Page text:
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Rigidly Rotating Magnetosphere movies

I've spent quite a bit of time working on nice visualizations for my Rigidly Rotating Magnetosphere model — in part, because it's a fun computer graphics challenge, but also because this sort of thing always helps when it comes time to write funding proposals.

A single frame from one of the RRM movies, shown using the redtemp color scheme.

A single frame from one of the RRM movies, shown using the redtemp color scheme.

This page hosts grids of RRM movies, spanning a range of rotation rates ω/ωc, observer inclinations i and magnetic obliquities β. Each movie shows the star and surrounding magneotspheric matter distribution, viewed over a complete rotation cycle comprising 256 frames. To provide visual clues to the 3-D geometry, the rotation and magnetic axes are shown (in yellow and red, respectively), as are selected field lines (green) for the assumed dipole magnetic topology.

Each movie is available in three variants. The redtemp variants use IDL's 'Red Temperature' color table to show the magnetospheric matter distribution, with brightness coding for relative optical depth. The doppler variants also uses brightness to code for optical depth, but the underlying color is determined from the line-of-sight velocity of the material (blue indicating motion towards the observer, and red motion away); because the material is in rigid rotation, this velocity is constant along each sightline. Finally, the observables variants additionally show the star's light curve, Hα emission and mean longitudinal field strength.

The redtemp and doppler movies have dimensions 480 x 480, while the observables ones are slightly larger at 512 x 512 (due to margins between each panel). All are encoded using FFmpeg, with an MPEG-4 Part 2 codec (fourcc FMP4) inside either an AVI container (extension .avi) or an MPEG-4 container (extension .mov). To play the AVI movies, you'll probably have to install some software — ffdshow for Windows, Perian for Mac, and mplayer for Linux. The MPEG-4 movies should work with Apple's Quicktime player. More information on movie formats can be found here.

Update (2009/09/26) The doppler and observables variants were missing in the MPEG-4 (MOV) format; this has been fixed. Also, movies are now available for near-critical stars, rotating at ω/ωc = 0.99.

  1. Download Individual Movies
  2. Download Bundles
  3. Production Methodology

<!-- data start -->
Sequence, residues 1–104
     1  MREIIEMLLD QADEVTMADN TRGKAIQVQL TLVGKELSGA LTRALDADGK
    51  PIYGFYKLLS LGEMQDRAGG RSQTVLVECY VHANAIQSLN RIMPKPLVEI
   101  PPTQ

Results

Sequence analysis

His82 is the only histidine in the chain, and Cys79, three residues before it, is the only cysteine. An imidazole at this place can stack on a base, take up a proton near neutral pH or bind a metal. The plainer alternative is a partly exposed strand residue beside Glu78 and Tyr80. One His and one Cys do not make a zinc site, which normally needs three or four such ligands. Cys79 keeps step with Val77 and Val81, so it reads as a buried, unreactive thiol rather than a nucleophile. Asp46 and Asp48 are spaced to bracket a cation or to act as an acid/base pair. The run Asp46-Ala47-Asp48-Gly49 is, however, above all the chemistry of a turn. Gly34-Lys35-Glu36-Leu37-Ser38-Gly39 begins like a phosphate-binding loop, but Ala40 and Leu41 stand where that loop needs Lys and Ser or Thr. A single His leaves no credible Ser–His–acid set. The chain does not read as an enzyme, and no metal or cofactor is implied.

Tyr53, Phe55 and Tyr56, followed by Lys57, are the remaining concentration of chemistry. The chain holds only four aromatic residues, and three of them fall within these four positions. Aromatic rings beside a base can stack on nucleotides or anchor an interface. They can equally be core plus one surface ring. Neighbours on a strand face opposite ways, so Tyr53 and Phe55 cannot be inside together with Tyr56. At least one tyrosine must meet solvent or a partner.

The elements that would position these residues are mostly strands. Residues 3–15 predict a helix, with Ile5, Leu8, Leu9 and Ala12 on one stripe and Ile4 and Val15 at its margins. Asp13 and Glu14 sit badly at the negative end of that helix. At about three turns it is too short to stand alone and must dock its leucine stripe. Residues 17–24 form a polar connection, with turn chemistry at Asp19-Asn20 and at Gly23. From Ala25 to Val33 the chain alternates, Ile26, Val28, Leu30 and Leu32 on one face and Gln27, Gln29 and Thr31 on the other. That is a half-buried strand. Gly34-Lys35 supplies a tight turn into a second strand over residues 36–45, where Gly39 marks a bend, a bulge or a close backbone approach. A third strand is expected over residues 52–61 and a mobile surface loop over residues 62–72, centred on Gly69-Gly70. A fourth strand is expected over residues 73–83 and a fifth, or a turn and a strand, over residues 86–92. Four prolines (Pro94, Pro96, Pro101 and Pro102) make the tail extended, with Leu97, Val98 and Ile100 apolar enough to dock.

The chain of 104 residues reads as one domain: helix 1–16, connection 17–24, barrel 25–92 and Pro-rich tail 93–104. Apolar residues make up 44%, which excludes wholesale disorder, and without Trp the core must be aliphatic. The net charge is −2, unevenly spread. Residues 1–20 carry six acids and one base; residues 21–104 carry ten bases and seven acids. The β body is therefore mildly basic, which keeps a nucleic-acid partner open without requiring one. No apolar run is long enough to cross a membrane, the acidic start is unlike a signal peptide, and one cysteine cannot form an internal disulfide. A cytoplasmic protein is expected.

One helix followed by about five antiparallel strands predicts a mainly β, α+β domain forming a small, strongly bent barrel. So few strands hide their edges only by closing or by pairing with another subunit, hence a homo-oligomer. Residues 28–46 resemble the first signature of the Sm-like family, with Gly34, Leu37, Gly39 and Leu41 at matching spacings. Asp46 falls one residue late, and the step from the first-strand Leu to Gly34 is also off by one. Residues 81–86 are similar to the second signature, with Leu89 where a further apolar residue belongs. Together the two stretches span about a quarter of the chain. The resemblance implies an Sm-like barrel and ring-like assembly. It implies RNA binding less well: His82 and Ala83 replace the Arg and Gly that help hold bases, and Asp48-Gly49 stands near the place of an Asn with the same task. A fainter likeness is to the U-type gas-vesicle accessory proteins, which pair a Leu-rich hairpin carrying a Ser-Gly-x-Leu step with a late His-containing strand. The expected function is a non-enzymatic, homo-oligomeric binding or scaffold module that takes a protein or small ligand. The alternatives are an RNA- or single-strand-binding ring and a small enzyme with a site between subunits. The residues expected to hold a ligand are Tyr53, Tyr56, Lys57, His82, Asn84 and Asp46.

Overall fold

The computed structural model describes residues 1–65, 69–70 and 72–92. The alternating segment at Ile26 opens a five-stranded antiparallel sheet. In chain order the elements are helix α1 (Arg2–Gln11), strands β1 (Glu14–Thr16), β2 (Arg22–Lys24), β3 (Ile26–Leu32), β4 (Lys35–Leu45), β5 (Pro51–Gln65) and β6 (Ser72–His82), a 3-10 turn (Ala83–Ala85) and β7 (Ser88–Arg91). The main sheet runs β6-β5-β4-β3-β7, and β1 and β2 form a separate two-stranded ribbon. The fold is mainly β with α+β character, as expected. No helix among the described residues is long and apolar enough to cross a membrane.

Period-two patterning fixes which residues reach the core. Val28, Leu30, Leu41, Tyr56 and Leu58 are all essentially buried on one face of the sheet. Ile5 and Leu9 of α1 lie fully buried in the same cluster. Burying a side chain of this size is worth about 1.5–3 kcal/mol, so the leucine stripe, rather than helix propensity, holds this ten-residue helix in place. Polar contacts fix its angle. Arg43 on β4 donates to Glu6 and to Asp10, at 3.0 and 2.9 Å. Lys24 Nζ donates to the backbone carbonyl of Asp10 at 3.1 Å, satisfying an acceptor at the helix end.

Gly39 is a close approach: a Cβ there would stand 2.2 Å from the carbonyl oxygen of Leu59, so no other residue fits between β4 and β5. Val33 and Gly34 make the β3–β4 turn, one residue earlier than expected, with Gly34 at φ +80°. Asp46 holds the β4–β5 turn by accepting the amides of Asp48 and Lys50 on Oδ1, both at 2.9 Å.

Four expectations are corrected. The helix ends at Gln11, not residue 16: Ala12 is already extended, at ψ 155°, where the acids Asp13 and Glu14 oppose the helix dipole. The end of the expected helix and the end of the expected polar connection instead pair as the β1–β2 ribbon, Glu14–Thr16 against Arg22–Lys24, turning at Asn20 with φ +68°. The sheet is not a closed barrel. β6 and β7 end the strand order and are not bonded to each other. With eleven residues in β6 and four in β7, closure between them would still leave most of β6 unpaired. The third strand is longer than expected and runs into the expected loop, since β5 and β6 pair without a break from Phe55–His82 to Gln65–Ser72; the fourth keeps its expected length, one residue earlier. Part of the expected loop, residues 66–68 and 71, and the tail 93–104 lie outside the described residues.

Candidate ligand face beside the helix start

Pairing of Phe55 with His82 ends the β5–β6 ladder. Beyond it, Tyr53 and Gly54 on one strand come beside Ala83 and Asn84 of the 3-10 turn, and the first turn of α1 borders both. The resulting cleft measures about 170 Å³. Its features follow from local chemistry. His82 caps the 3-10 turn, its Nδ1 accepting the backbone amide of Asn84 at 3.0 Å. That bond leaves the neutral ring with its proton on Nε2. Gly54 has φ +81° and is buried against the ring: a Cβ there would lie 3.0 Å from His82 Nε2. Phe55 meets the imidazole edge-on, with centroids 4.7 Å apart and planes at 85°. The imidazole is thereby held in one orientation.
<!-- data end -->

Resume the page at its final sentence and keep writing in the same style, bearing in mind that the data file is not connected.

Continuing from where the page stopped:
Download Individual Movies

To download an individual movie, choose the desired rotation rate, inclination, obliquity, variant and format, and then hit the Submit button. (Note that the default values are based loosely on the parameters of σ Ori E).

Each file is a little over 3 MB in size. Filenames follow the convention rrm-oOO-iII-bBB-VVV.FFF, where OO is 100*ω/ωc, II is the observer inclination in degrees, BB is the magnetic obliquity in degrees, VVV is the variant (one of redt, dopp or obs), and FFF is the format (one of avi or mov).

Download Bundles

To simplify the downloading of large numbers of movies, I've bundled the AVI ones up into the following tar archives:

Note that these files are quite large, and may take a while to download.

Production Methodology

To produce these movies, I use the following steps:

  1. A large (512 x 512 x 512) datacube of density values is generated for the appropriate ω/ωc and β, using the RRM formalism described by Townsend & Owocki 2005
  2. For a given i, an IDL script creates a set of framebuffer files, one for each of the 256 frames of the movie. A framebuffer stores an image of the 'furniture' elements (star, axes, field lines) of a scene, plus the z values of the pixels (see here for a discussion of z-buffering).
  3. Optical depth information is added to the framebuffers. For each framebuffer pixel, the optical depth is integrated through the datacube from the observer to the appropriate location determined from the z-buffer.
  4. Alpha compositing is used to combine the color and optical depth information in each framebuffer; the resulting images are written out as PNG files.
  5. Finally, FFmpeg is used to encode the PNG files into an AVI/FMP4 or MPEG-4 movie.

The whole process is quite time-consuming; on a single processor core, a complete movie can take upwards of a day. (This is in part because to implement anti-aliasing I construct the framebuffers with a high resolution, and subsequently down-sample to the final 480 x 480 resolution.)


Updated 2010-03-31 13:33:07